When the Sean Marks-led Brooklyn Nets front office drafted Caris LeVert in June 2016, many were surprised – some pissed off.
Little was known of the Michigan alum, or the great interest Brooklyn had in him; first trading their second-best player, Thaddeus Young to get the 20th pick, then risking the pick on LeVert, who was projected as a late second rounder because of an extensive injury history in college, highlighted by multiple foot surgeries.
Marks was all-in. Kenny Atkinson was a little resistant at first, but quickly joined.
“Sean told me when we drafted him, he kept emphasizing ‘This kid can play point guard ... eventually.’ That was the thought process and I was ‘Eh ... you know. We’ll see,’” said Atkinson Saturday.
Many fans were befuddled. It was Marks’ first big move and it raised eyebrows.
But part of the allure for Marks was LeVert’s playmaking ability, which complemented an already versatile skillset. Every year at Michigan, his assist number improved, in particular his final two of four seasons at Michigan, where he dished out 3.7 per contest in 18 games played as a junior and 4.9 in 15 senior year appearances. He was both the secondary playmaker, and fill-in point guard.
Just over two years since his final appearance with the Wolverines, we’re seeing said dime distribution in real-time. When LeVert is at his best, he’s a deadeye from three, effective on defense, and creating for others … not just himself.
“That’s just naturally how I play,” said LeVert of his point guard attributes, which have him dishing out 5.3 assists per game since March 4. “I don’t know if I would say (I was) eager to show it. It just comes out when I play the game. I think that’s one of the things you see right away, just how unselfish I am on the court. I don’t really care about stats or anything like that, I just want to win.”
And Atkinson now admits, “He definitely has that in his DNA.”
The Nets haven’t done a lot of winning this season, especially recently. However, LeVert has been an integral part of many the Nets effort, win or lose, namely the most recent triumph, a 14-point win in Charlotte.
Against the Hornets, the 6’7” Swiss army knife shot 8-of-15 from the floor and ended the game with 22 points and eight assists in less than 30 minutes of play. Similarly, he erupted for a career-best 27 points two games prior, a three-point loss to the Los Angeles Clippers, an effort where LeVert hit 5-of-7 from deep and recording five assists.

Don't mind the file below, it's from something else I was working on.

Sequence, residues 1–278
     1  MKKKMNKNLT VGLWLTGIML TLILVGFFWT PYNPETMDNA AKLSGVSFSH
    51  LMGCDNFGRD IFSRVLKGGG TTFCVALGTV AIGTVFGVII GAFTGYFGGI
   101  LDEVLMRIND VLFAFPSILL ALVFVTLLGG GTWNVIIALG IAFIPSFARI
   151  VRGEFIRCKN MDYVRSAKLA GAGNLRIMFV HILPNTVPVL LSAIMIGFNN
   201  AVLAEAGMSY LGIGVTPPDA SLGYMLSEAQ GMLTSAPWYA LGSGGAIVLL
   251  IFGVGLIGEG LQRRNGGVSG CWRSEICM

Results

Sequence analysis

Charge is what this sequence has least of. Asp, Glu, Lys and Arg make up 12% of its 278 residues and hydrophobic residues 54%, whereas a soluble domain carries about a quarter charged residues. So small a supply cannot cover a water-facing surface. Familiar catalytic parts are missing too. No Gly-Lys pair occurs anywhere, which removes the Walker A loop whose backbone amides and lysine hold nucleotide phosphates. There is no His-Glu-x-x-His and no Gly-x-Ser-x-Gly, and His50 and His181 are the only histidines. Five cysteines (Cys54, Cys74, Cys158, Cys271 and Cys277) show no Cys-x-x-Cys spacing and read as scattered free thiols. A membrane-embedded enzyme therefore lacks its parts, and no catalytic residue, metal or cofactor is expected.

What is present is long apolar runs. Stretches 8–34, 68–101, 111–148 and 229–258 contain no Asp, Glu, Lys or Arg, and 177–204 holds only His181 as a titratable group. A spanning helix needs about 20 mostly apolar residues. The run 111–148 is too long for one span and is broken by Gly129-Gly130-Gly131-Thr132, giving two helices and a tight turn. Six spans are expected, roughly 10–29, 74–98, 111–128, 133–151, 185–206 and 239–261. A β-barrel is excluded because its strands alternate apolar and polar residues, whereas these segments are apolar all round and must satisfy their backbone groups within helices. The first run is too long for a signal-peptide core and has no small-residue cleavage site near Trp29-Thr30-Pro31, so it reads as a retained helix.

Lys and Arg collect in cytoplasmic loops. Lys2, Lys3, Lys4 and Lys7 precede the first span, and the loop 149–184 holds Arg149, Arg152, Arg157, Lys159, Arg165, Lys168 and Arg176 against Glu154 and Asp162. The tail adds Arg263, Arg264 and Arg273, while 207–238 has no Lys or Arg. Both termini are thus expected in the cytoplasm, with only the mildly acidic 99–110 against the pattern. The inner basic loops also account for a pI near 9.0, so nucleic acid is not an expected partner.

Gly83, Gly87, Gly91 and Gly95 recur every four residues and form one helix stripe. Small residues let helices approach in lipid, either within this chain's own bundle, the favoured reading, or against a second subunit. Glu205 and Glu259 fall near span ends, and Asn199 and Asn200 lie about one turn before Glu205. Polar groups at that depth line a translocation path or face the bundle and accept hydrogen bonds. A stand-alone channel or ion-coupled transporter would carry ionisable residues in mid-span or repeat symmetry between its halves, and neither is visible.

This season, at 4.0 assists per game, LeVert ranks ninth among shooting guards and is tied for 20th in the league among non-point guards.
“The great thing about him is with all of the switching going on in this league, he can go by anybody,” said Atkinson of LeVert. “That’s huge that he can break the defense down when they do switch. In a traditional pick-and-roll, he can obviously make a pass.”
LeVert was also forced to man more of the point guard duties during D’Angelo Russell’s injury, which sidelined him from mid-November through his January 19 return.
LeVert appeared in 30 games while Russell rehabbed from knee surgery, recording 13.2 points and 4.8 assists in 27.2 minutes per contest.
“I think (I) adapted, and had more opportunity,” LeVert said. “Obviously with D’Angelo being hurt for a majority of the season – and then sometimes when Spencer (Dinwiddie) gets in foul trouble, I’m forced to play a little bit more on the ball.”
LeVert even joked at Dinwiddie’s expense about Din’s foul troubles, which have taken him out of games earlier than Atkinson may want, on occasion.
“All the time, all the time. Spence be hacking,” LeVert delivered with a smile.
With what looks to be another 20-something win season, the Nets do have developing young players heading into a big 2018 offseason, one of whom is LeVert, who continues to grow as an all-around contributor as the Nets look to establish their core.